4. Training on data entry and on the importance and rationale of data collection is attended by all responsible healthcare professionals. B (High quality) Training documentation
       
For neonatal unit    
5. A consented guideline on data entry and the use of (inter-)nationally agreed datasets is available and regularly updated. B (High quality) Guideline
       
6. Data collected for surveillance are employed to evaluate healthcare practices and the organisation of healthcare practices and the organisation of healthcare for patients and families. B (Moderate quality) Audit report
       
7. Participation within local, national, and international surveillance and research networks is aimed for in order to develop methods for comparison across units. B (Moderate quality) Audit report
       
For hospital    
8. Training on data entry is ensured. B (High quality) Training documentation
       
9. Regular reports for analysis of temporal changes and local outcomes are available. (1,2,10,11) A (Moderate quality) Audit report
       
10. A system for quality assurance for the data collection process is established. B (Moderate quality) Audit report, guideline
       
11. Reports are systematically analysed and risk related interventions are initiated. B (Moderate quality) Audit report, guideline
       
12. Quality reports are publicly available. B (Moderate quality) Audit report, parent feedback
       
For health service    
13. A national guideline on infrastructure for data capture and analysis, data entry, and the use of (inter-)nationally agreed datasets is available and regularly updated. B (High quality) Guideline
       
14. Comparative data is used to benchmark outcomes (e.g. mortality and morbidity) at hospital, regional, national or international level over time adjusted for patient characteristics. B (Moderate quality) Audit report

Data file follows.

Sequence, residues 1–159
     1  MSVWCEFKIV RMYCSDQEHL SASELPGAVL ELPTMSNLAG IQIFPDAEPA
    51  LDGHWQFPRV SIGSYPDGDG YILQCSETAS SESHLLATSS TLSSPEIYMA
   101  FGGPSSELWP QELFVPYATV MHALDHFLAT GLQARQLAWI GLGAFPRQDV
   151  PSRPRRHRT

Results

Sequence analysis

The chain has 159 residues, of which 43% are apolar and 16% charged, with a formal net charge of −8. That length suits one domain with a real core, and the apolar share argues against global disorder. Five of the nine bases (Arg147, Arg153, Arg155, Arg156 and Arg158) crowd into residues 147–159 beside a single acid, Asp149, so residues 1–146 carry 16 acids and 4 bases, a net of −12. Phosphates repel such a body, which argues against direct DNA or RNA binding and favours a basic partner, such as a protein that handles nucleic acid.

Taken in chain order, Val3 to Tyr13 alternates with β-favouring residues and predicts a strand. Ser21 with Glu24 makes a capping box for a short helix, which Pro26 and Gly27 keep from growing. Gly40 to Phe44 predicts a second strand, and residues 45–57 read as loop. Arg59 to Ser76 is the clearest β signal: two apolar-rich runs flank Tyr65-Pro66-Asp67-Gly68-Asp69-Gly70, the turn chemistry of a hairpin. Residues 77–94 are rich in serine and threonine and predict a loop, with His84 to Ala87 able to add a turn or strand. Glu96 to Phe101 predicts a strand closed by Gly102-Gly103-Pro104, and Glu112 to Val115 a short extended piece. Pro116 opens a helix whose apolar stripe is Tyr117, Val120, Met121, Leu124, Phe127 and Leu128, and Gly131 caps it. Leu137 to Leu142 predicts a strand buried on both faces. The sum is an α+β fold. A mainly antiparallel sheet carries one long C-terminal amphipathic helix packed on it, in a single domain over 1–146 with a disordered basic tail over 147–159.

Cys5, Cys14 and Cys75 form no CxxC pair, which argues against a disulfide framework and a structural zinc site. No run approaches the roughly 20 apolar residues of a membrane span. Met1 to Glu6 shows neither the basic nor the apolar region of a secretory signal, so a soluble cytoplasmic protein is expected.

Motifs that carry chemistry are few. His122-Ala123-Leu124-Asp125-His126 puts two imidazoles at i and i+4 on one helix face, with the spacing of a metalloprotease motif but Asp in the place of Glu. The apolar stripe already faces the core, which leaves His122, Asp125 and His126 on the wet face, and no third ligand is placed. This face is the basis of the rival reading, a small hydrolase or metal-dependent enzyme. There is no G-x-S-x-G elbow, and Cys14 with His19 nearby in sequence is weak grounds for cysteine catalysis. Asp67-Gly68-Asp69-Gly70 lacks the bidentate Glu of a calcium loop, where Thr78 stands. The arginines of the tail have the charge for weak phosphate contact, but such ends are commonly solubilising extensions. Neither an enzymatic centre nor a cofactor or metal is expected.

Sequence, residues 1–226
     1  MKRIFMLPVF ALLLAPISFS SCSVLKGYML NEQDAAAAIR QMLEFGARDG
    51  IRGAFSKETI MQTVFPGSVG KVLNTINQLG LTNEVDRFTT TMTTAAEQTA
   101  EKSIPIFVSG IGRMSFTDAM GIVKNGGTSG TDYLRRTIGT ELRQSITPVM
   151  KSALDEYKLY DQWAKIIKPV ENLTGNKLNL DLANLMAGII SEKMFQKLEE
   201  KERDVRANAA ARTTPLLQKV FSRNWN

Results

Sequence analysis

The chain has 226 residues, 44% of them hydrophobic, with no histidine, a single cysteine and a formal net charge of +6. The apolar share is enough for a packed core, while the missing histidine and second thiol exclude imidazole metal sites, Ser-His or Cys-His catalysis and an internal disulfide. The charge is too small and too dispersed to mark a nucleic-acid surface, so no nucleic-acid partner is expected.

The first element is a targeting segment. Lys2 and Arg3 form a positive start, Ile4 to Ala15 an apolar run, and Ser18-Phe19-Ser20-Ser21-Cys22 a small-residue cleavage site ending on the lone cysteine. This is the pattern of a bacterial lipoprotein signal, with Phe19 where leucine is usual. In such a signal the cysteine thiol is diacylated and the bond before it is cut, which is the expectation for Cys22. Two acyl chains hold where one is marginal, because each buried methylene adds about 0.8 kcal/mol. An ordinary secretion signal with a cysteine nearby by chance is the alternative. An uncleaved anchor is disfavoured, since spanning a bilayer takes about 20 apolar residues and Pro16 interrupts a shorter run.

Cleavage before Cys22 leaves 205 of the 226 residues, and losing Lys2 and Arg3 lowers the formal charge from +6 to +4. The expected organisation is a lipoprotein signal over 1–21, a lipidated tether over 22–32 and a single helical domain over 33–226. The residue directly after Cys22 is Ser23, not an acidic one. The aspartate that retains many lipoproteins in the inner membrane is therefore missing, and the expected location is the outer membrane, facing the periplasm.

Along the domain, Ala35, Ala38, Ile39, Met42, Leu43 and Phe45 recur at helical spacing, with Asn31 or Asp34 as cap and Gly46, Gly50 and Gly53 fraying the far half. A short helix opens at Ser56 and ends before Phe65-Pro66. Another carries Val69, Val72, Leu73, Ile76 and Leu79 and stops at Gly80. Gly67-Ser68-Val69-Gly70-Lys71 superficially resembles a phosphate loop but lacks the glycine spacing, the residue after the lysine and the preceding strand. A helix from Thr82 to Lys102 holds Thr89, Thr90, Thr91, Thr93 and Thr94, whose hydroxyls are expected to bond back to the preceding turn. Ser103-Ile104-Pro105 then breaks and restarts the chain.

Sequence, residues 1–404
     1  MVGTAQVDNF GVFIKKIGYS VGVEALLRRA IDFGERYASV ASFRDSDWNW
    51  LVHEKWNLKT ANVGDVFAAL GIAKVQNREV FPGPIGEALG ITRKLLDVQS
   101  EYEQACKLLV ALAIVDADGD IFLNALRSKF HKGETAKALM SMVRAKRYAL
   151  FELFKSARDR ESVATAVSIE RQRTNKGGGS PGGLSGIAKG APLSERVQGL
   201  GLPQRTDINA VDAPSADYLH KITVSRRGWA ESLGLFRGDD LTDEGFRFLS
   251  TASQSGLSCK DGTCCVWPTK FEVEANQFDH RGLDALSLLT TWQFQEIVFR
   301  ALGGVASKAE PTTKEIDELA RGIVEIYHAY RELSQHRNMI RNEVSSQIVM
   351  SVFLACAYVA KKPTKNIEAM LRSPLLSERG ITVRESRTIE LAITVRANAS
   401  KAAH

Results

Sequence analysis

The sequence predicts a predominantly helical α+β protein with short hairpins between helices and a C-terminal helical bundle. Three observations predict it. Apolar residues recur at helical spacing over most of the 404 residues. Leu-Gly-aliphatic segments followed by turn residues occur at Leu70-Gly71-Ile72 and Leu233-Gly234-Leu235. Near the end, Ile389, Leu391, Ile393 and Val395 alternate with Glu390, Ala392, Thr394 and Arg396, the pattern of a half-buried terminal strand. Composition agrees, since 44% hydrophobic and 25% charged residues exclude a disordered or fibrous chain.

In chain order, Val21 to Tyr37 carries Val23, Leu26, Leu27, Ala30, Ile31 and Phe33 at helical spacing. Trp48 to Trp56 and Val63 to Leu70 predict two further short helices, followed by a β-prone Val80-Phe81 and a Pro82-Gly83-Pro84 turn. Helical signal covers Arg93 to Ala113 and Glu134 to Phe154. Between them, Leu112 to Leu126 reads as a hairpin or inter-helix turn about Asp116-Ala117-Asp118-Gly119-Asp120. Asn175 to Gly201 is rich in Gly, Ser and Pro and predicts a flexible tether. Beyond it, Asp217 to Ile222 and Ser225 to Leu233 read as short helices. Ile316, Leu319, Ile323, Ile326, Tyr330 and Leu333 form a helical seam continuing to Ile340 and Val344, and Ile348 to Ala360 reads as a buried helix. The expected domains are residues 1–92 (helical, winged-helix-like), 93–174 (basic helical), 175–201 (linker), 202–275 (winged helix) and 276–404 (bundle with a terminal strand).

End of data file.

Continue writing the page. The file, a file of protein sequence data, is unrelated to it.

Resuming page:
15. Researchers, clinicians, policy-makers, parents, and users are involved in benchmarking processes in order to guarantee high quality and clinical and societal relevance. B (Moderate quality) Audit report
       
16. National neonatal outcomes are collated to inform policy decisions. B (Low quality) Audit report
       
17. Data is used for research and surveillance by trained epidemiologists and statisticians. B (High quality) Audit report
       

Where to go

Further development Grading of evidence
For parents and family  
  • Parents are given an active role in developing information policy.
B (Moderate quality)
For healthcare professionals  
  • Coordinate with research networks to analyse data for (scientific) publications.
B (Moderate quality)
For neonatal unit  
N/A  
For hospital  
  • Use automated record systems.
B (Moderate quality)
  • Follow high standards in reporting and accessibility of data. (10,11)
A (High quality)
For health service  
  • Formalise international collaboration between stakeholders.
B (High quality)
  • Develop data comparison on an international level. (5)
A (Moderate quality)
   

Getting started

Initial steps
For parents and family
  • Parents are verbally informed of data collection and the purposes to which it will be used by healthcare professionals.
  • Parents’ concerns are integrated into the health information systems.
For healthcare professionals